Speeding toward the summit

Chico State distance runners steadily close the gap between their program and the perennial champions

HOT ON THE TRAIL<br>Colorado rivals Adams State and Western State have set the standard in Division II cross-country, but Chico State isn’t far off the pace. The Wildcats, shown training in Bidwell Park, placed second in last Saturday’s season-opening meet behind Division I Stanford.

Colorado rivals Adams State and Western State have set the standard in Division II cross-country, but Chico State isn’t far off the pace. The Wildcats, shown training in Bidwell Park, placed second in last Saturday’s season-opening meet behind Division I Stanford.

Photo By Meredith J. Cooper

About the author:
Sean Murphy is business development copywriter for Improvement Direct in Chico. He covered Chico State athletics the past three years as an Enterprise-Record sportswriter.

It’s a night that will be engraved in the memory of everyone who witnessed it—the moment when a Chico State sophomore out-kicked, out-strategized and out-bullied the best 10,000-meter runner in NCAA Division II and, at one point this year, the world.

At the NCAA track and field championship meet on May 24, Scott Bauhs made up a seemingly impossible deficit halfway through the 10-kilometer race to overcome, then hold off, Abilene Christian’s Nicodemus Naimadu. The sleek and mighty Kenyan hadn’t lost a race on the track longer than a mile in his collegiate career and even briefly held the world record in the 10,000 (28 minutes, 6.26 seconds).

Bauhs’ effort exemplifies the gritty group of distance runners Coach Gary Towne has assembled and the program he’s built at Chico State.

Towne, now in his 12th year, may look back at Bauhs’ victory—essentially a product of the cross-country season—as the latest in a decade-long string of watershed moments. The Wildcats have run squarely into the national spotlight, and with the cross-country teams ready to take center stage, they stand on the precipice of the Division II pinnacle.

“It’s our gem of a program, but it’s a piece that not a lot of people know about,” Athletic Director Anita Barker said. “It’s kind of like the unknown superstar.”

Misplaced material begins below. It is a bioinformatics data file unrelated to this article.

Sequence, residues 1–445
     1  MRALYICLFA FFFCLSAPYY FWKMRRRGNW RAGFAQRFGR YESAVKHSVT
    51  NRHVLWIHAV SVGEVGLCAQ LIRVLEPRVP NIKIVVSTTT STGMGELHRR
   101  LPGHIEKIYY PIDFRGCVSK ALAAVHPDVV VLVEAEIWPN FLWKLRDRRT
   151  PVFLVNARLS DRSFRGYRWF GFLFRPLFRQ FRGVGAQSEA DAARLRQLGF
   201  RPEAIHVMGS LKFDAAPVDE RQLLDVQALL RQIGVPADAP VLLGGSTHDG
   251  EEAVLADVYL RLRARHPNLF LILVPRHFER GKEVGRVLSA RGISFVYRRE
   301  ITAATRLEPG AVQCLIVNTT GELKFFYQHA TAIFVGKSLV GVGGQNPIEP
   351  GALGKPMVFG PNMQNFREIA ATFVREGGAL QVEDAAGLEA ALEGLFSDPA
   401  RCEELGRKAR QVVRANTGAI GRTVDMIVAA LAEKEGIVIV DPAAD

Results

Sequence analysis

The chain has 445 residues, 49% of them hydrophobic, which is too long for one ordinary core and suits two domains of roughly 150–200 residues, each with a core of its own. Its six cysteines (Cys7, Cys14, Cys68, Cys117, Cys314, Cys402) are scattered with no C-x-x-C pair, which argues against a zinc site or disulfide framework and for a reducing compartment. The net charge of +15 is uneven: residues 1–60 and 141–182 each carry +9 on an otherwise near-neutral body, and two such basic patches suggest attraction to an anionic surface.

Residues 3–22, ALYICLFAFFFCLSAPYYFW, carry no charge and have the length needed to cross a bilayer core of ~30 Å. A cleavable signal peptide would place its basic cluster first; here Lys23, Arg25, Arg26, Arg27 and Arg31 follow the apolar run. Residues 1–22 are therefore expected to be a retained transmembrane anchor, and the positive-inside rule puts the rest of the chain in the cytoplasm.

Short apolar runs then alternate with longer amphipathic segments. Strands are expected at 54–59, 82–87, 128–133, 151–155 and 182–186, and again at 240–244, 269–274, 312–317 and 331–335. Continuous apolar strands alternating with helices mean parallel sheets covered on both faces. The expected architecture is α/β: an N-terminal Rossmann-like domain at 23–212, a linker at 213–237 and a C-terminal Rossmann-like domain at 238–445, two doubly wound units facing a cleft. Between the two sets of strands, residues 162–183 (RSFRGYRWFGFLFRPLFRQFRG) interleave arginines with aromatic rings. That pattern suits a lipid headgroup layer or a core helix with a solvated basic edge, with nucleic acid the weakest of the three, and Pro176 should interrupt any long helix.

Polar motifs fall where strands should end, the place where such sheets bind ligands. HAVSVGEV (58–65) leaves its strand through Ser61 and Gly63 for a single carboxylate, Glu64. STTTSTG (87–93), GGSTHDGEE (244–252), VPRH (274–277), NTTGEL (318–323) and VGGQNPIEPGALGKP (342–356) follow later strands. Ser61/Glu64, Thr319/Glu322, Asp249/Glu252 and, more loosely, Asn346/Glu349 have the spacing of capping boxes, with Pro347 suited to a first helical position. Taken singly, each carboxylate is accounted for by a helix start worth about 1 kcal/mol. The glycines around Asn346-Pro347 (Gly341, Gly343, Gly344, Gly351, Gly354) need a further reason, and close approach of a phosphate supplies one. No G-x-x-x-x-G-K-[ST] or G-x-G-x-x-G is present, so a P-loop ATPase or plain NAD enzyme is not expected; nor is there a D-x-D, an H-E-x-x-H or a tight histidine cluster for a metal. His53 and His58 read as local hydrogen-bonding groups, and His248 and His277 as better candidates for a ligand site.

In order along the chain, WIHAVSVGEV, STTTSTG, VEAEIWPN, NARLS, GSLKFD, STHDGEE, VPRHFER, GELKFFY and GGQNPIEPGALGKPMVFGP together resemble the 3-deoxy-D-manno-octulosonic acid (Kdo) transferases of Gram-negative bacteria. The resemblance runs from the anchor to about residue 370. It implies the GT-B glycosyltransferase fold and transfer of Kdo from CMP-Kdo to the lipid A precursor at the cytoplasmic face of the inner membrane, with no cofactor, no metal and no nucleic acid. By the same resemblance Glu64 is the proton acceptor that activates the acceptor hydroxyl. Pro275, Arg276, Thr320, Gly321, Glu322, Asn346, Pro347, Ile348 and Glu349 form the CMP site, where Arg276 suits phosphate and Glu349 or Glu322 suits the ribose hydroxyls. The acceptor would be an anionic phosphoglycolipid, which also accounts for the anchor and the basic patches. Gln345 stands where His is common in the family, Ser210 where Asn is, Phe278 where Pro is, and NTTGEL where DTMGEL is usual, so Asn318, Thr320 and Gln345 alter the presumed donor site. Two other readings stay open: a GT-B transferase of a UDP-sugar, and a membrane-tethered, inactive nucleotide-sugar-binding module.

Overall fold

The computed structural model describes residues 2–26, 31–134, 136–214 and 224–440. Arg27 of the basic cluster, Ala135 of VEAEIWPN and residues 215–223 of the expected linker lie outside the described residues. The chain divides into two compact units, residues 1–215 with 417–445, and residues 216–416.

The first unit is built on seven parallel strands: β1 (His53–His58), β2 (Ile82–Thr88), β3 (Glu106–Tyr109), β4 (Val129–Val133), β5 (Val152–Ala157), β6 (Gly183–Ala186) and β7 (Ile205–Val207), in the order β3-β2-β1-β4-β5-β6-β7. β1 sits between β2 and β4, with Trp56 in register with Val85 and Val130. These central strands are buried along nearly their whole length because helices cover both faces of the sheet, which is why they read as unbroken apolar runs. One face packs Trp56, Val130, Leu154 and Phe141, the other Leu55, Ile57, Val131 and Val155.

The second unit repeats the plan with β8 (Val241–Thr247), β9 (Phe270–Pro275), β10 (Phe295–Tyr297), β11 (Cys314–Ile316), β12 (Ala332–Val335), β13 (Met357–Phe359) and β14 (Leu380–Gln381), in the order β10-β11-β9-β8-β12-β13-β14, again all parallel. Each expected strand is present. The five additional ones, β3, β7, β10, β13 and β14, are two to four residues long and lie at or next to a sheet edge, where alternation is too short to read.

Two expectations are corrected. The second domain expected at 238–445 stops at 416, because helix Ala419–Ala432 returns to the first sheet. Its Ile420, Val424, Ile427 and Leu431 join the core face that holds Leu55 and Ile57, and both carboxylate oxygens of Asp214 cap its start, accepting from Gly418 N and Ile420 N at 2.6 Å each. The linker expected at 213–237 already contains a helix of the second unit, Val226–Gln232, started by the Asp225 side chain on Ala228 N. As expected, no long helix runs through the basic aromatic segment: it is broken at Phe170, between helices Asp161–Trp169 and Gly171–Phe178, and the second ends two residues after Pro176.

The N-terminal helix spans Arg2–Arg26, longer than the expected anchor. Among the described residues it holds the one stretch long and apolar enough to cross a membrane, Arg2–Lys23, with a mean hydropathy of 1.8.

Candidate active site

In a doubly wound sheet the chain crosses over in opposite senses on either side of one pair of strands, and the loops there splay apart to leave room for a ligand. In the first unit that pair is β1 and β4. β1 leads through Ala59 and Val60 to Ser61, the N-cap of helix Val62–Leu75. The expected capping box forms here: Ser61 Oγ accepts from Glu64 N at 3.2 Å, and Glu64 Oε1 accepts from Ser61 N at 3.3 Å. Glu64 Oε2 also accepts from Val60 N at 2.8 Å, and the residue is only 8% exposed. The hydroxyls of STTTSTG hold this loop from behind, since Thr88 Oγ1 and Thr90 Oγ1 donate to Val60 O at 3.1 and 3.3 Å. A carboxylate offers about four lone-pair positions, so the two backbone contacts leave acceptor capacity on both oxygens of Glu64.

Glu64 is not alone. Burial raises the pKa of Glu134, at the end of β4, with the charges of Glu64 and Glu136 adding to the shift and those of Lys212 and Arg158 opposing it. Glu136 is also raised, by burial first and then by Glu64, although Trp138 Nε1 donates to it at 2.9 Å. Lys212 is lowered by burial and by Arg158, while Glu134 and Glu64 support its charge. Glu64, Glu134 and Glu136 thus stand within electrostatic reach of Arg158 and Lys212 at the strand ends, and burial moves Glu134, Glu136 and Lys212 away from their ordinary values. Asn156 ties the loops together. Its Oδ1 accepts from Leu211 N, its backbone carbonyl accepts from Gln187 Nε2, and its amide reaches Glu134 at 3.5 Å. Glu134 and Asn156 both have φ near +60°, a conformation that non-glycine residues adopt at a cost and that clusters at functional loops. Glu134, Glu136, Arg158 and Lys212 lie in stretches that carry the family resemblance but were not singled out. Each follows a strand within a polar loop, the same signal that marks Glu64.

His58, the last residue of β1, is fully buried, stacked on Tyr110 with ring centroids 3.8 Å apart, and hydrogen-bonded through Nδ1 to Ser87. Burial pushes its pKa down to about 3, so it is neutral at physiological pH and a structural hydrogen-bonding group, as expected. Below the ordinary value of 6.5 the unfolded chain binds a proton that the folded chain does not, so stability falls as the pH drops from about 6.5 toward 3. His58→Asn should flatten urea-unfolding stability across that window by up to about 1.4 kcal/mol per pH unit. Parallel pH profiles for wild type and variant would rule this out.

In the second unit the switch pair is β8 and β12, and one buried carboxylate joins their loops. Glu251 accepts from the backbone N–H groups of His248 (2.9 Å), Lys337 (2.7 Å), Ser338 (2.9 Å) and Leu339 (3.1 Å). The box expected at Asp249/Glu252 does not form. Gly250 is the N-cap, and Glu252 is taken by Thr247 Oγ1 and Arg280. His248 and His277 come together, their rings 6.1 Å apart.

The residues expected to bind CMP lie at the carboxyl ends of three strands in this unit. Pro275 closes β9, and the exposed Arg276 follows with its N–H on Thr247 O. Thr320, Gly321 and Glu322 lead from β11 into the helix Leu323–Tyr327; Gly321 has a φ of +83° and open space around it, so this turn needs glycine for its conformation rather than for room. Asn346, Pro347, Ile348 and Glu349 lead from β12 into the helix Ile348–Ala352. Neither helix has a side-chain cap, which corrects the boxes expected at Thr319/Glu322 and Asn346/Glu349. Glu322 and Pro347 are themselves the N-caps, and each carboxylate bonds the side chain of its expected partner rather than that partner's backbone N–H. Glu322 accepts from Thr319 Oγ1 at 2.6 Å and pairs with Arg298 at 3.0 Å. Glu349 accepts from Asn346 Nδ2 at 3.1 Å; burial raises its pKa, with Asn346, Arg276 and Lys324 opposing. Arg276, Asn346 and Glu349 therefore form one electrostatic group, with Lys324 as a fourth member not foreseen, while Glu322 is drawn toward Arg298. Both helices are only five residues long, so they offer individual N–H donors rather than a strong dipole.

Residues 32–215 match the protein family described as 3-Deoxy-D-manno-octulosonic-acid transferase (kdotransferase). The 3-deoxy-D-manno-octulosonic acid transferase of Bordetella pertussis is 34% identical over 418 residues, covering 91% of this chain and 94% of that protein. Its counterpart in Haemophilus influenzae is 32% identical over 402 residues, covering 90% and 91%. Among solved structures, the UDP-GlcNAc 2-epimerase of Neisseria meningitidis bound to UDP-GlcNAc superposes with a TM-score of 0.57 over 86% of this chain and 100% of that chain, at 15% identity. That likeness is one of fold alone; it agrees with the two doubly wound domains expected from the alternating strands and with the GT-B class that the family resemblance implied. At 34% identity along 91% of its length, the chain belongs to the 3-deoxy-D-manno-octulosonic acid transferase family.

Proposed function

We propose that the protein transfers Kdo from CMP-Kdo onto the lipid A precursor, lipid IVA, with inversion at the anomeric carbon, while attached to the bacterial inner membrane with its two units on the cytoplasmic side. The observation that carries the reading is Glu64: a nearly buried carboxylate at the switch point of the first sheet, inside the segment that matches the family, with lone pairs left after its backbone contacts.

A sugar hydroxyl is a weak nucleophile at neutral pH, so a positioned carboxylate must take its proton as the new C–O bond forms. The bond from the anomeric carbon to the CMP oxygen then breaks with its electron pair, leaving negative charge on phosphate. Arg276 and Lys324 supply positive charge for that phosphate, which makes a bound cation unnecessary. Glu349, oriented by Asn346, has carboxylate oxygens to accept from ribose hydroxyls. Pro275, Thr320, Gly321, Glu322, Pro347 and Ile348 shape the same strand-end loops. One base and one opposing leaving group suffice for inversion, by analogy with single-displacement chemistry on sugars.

Over the past 11 seasons, the Wildcat men have eight national top-10 finishes in cross-country, and the women have six. In 2006, the men placed fourth in the nation (their fifth-straight top-five finish), and the women were ninth, (their sixth top-10 finish in seven seasons). Heading into the season-opening invitational last Saturday (Sept. 8) at the Forebay Aquatics Center in Oroville, Chico State’s men were ranked fifth and the women ninth, and they finished close seconds that meet behind Division I Stanford.

“I’m very proud of what we’ve been able to do. But I don’t view us as being the premier program in the nation,” Towne said. “It would be unfair to say that, given the success of Adams State and Western State. Those two teams set the bar in Division II, and we haven’t won a national title yet.”

Adams State and Western State, a pair of Rocky Mountain Athletic Conference schools, have virtually monopolized the cross-country championship. Both schools sit at approximately 7,700 feet in elevation, and just 120 miles separate the two campuses.

Since 1992, Adams has captured 17 of the possible 30 combined men’s and women’s national titles (12 for the women, five for the men). Western has 10 (seven men’s, three women’s). Five times, both the Adams men and women claimed the national title (1992-94, 1998, 2003). Only Adams State and Western State Mountaineers have won women’s national titles.

So, how far is Chico State from becoming the top cross-country program in the country? Milestones over the past 10 years suggest the Wildcats are inching closer.

1997: In just Towne’s second year, the women qualified for the national championship for the first time ever. “That was a cool breakthrough for the women. We got beat by everyone,” Towne said. “We took 18th out of 18 teams.”

1998: The women qualified again … and beat one team.

1999: The men edged West Regional stalwart Humboldt State to qualify for the NCAA meet. With no expectations higher than a top-10 finish, they placed sixth.

2000: Both squads qualified for the national meet for the first time in school history—and have been back as a group each year since.

2002: The men and women both posted fifth-place finishes, the best combined finish ever.